NSA leader urges cybersecurity protocols

U.S. Cyber Command chief say nation needs precise rules of engagement to set standards for counterattacks to breaches of government data networks.

The commander of the newly created U.S. Cyber Command said Thursday the nation needs precise rules of engagement that would set the standards for a quick counterattack to a serious breach of U.S. military or civilian data networks.

It also would be helpful if there were international rules on how nations can respond to cyber attacks, Army Gen. Keith Alexander said.

Alexander took over the new command, which is primarily responsible for protecting the military's cyber networks, two weeks ago. He retains his duties as head of the National Security Agency, which conducts electronic surveillance of suspected adversaries and possible terrorists.

During an appearance at the Center for Strategic and International Studies, Alexander said his command is looking at current rules of engagement, how they conform to the laws and his responsibilities, and "how we can articulate those so the people know what to expect."

He said there probably need to be two sets of rules of engagement, one to cover peacetime situations and another for war. Alexander said the issue is complicated by the possibility that an adversary may use a neutral country's computers to launch the attack. In addition, there are differences between an attack on U.S. military systems and one against government or civilian networks.

"What we don't have is the precision in those standing rules of engagement that we need," he said. But that is being worked within the Pentagon and the administration, he added.

Asked about a Russian proposal for a "cyber arms limitation treaty," Alexander said he believed there should be international rules, but that they would have to be negotiated by the secretaries of State and Defense and the president.

International rules of engagement could provide a level of deterrence by letting potential adversaries know what the response to an attack could be like.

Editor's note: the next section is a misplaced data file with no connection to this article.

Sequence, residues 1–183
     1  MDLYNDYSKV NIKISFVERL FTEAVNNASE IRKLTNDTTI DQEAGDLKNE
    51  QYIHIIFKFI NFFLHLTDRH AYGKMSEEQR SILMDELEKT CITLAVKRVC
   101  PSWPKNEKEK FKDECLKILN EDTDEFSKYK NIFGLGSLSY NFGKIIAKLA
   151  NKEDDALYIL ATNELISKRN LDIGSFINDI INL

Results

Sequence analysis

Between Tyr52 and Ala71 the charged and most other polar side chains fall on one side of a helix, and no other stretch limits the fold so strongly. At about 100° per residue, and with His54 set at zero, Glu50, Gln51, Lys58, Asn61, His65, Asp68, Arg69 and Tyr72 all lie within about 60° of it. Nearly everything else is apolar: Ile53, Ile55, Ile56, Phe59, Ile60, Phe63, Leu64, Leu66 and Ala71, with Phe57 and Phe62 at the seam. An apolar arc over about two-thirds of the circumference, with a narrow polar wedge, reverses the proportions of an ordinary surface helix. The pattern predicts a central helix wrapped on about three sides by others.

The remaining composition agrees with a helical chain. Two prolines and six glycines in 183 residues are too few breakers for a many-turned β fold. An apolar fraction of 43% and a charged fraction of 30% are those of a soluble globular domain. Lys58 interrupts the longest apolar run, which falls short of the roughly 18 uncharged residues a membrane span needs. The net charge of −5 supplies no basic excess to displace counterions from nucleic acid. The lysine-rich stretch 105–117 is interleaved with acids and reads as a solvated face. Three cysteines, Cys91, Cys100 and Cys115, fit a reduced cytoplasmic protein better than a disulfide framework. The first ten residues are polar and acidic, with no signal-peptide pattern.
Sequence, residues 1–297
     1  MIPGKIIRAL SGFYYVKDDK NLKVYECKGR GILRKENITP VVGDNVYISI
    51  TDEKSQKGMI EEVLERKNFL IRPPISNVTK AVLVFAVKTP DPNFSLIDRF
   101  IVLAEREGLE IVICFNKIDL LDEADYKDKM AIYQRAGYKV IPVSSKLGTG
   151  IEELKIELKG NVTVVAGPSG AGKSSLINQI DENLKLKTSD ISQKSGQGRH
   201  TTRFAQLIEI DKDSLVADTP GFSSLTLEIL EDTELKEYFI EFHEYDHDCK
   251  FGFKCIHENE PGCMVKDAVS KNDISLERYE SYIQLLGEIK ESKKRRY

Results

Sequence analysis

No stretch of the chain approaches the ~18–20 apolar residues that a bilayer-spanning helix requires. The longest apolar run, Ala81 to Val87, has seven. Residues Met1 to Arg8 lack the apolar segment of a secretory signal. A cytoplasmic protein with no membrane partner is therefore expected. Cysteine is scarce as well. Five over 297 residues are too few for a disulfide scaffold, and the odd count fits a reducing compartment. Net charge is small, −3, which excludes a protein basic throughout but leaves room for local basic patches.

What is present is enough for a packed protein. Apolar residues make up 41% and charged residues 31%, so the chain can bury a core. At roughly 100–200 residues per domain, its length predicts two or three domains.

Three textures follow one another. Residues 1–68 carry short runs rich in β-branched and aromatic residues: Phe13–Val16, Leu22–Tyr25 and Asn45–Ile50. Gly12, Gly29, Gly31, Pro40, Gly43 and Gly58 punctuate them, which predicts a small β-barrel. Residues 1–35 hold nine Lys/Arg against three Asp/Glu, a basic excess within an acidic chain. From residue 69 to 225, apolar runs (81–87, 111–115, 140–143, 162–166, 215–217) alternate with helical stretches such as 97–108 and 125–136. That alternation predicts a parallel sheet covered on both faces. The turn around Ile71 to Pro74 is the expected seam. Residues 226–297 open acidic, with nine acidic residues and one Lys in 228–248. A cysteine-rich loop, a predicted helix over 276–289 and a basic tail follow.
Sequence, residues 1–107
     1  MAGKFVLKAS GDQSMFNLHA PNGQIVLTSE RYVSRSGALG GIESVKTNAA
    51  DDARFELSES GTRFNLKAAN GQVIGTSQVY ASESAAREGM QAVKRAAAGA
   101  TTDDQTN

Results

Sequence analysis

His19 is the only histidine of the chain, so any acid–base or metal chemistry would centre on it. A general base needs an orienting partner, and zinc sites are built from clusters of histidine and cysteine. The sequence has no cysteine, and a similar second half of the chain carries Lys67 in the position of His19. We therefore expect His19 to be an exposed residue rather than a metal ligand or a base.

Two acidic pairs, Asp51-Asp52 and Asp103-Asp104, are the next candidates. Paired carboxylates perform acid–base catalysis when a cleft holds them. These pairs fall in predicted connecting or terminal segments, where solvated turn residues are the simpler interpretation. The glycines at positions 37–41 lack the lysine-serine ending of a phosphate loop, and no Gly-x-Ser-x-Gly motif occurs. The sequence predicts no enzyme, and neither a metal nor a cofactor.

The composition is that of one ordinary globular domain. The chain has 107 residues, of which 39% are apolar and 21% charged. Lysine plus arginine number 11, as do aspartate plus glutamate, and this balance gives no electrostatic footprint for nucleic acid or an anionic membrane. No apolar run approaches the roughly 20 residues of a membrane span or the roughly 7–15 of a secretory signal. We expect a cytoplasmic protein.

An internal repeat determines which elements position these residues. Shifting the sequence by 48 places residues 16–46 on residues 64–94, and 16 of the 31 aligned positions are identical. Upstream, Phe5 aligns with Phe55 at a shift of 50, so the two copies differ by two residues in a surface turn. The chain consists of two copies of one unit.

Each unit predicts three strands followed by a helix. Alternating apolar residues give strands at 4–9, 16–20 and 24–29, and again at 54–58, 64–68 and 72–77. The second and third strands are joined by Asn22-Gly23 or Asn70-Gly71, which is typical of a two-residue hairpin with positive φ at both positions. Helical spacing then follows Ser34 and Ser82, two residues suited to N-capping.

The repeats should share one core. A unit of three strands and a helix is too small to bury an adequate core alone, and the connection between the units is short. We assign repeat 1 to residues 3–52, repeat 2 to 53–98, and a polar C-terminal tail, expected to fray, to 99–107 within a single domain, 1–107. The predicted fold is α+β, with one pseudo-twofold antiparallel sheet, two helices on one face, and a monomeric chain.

Alexander did not comment on legislation pending in Congress that would affect his new command.

One provision added to the fiscal defense 2011 authorization bill in the House last week would mandate automated monitoring of networks to detect cyber attacks, and would create a National Office of Cyberspace in the White House.

Another bill approved by the Senate Commerce Committee would order an increased focus on cybersecurity within the government and efforts to raise public awareness of the threats.

In response to questions about concerns that NSA and Cyber Command could encroach on the privacy and civil rights of Americans, Alexander said he spends a lot of time on that issue.

"On civil liberties and privacy, the key issue is oversight," he said.

"The government, the court systems and Congress all need to play a role in that, to know that the actions we're taking conform to the law and protect the civil liberties and privacy of our people," the general said. "I do spend a lot of time with the court and with Congress, explaining exactly what we're doing, where we have issues, where there needs to be a change, what we can and cannot do."

The court he mentioned is the Foreign Intelligence Surveillance Court, which was created by a 1978 law and was enlarged by the 2001 PATRIOT Act. It was created to provide quick decisions on requests for warrants to conduct electronic surveillance of communications inside the United States.